Dezeen Magazine

Natural History at Selfridges

The Wonder Room at Selfridges department store in London is hosting an exhibition of jewellery influenced by the natural world, described as "a heady mix of taxidermy, genetic-engineered jewellery and natural pearls".


Curated by Jane Withers and featuring work from young designers Melanie Georgacopoulos, Tobie Kerridge, Kelly McCallum (above) and Eric Klarenbeek (top image), exhibits include a ring grown from human cells and a contact lens pendant.


The exhibition will be open during store hours and will continue until 7 September. Above: Pearl Necklace by Melanie Georgacopolous.


Above: Kelly McCallum. See our earlier story for more work by Kelly McCallum.


Above: Biojewellery by Tobie Kerridge

The following is from Selfridges:


Selfridges shows a unique take on ‘Natural History’
A heady mix of taxidermy, genetic-engineered jewellery and natural pearls generates a most unusual exhibition.


Above: The Lucid Dream by Eric Klarenbeek

Selfridges opens a new bijou exhibition called Natural History within The Wonder Wall, the place in the store dedicated to the presentation of private collections of celebrities and extremely unusual products.


At the dawn of the 21st century our relation to the natural world is being challenged on every level from genetic engineering to plastic surgery.


Natural History brings together one-off pieces by four young designers linked together by their drive to explore the contemporary nature of wonder but with very different takes on nature and the boundaries between nature and artifice: from biojewellery grown from donated bone tissue cells to jewellery that mimics body parts; from a fascination with Victorian taxidermy to a fresh look at that most traditional natural wonder, the pearl.

Artists and the work on display

Melanie Georgacopolous
Associated with historic grandeur and glamour as well as twinset and pearl conventionality, the pearl necklace is ripe for reinvention. Exploring beyond surface beauty, Melanie Georgacopoulos reveals the form, material and magical properties of the pearls themselves.

Her pieces for the Natural History exhibition are both simple and surprising – for instance showing how pearls can be recreated marrying up white and black halves into striking combinations that never feel man-made. The work is available for sale with prices ranging from £1,300 to £5,000.

Melanie studied sculpture at Edinburgh College of Art before pursuing a career in jewellery. She recently graduated with an MA in jewellery and metalwork from the Royal College of Art. Her art background and diverse interests have enabled her to undertake various jewellery projects, from creating sculptural pieces for the catwalk to designing commercial lines.

Tobie Kerridge
As the shifting boundaries of medicine raise ethical questions, biojewellery explores the potential of growing jewellery from human cells. The work on display originated from a couple’s wish to own a unique piece of jewellery that would epitomise their lover for each other. The couple donated cells during a routine wisdom tooth extraction. These were seeded onto a ring shaped scaffold that encourages the cells to divide and grow rapidly. The scaffolds were incubated in a cell culture medium for six weeks to form new bone. This was combined with precious metals to make a ring for each partner with the tissue of the other partner. The inscription reads ‘totus tuus, ad extremum’, ‘yours, to the extreme’.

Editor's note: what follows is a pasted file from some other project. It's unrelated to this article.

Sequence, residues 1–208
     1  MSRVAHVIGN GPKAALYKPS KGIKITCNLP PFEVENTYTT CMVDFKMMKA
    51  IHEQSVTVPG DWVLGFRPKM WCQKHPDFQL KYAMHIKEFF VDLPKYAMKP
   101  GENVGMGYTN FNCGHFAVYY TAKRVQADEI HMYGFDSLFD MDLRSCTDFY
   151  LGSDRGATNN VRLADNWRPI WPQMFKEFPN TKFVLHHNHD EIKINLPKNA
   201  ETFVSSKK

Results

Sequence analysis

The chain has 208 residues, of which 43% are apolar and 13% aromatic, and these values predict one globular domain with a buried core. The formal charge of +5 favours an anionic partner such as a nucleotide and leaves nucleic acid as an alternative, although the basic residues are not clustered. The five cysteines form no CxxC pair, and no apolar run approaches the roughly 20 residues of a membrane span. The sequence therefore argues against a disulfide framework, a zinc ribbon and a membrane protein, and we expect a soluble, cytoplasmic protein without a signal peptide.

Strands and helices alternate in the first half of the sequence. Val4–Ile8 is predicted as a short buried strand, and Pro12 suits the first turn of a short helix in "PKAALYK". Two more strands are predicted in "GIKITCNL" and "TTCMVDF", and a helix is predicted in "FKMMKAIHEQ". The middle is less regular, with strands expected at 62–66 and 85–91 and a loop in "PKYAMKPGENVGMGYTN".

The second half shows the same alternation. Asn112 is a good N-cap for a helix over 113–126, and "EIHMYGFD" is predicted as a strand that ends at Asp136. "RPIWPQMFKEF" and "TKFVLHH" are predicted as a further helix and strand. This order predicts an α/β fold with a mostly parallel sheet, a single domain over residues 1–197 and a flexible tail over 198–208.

Tobie graduated in Interaction Design from the RCA in 2003, and currently works as a research fellow in the design department at Goldsmiths College. Biojewellery was launched in 2004 as a collaborative project run by Kerridge, his RCA research colleague Nikki Stott, and Ian Thompson, a bioengineer at King’s College, London, and funded by the Engineering and Physical Sciences Research Council.

Kelly McCallum
McCallum is interested in the stories behind things and how they age and decay, are preserved or forgotten. Treasures and keepsakes, from Victorian taxidermy to Japanese toys, are adapted with a jeweller’s attention to detail and worked into new scenarios that celebrate the interplay between life and death. The pieces on show from Kelly’s collection are a mix of jewellery available for sale from £300 to £600 and some enhanced bird taxidermy curated exclusively for the exhibition.

Kelly graduated from the Royal College of Art in goldsmithing in 2006. She applies the minutiae of a jeweller’s method and vision to creating both wearable and sculptural pieces employing Victorian taxidermy, insects, precious metals, and other treasures, as well as curiosities collected from around the world.

Eric Klarenbeek
Klarenbeek explores the potential of jewellery as body parts. Intrigued by artificial objects that are always with us and almost become part of us, Klarenbeek fuses the real and the unreal, blurring the transition between what we are and how we might optimise or improve our being. The Eye Jewellery Project perfectly epitomises this approach with its contact lens decorated by a medical wire and crystals made to imitate tears running on a cheek, but permanently. Elsewhere Lucid Dreams recreates the dreamy reality of a soap bubble without its ephemeral nature as it is built from clear handblown glass and LED lights with a life expectancy of over 50,000 hours.

Eric graduated in 2003 from The Design Academy, Eindhoven. Since then he has designed for Davidoff, Droog Design, Moooi, Jurgen Bey, the city of Amsterdam and the province Gelderland. He teaches at the Art Academy Enschede (AKI). Projects such as The Floating Light, Poekie and The Eye Jewellery Project have been featured in the media worldwide.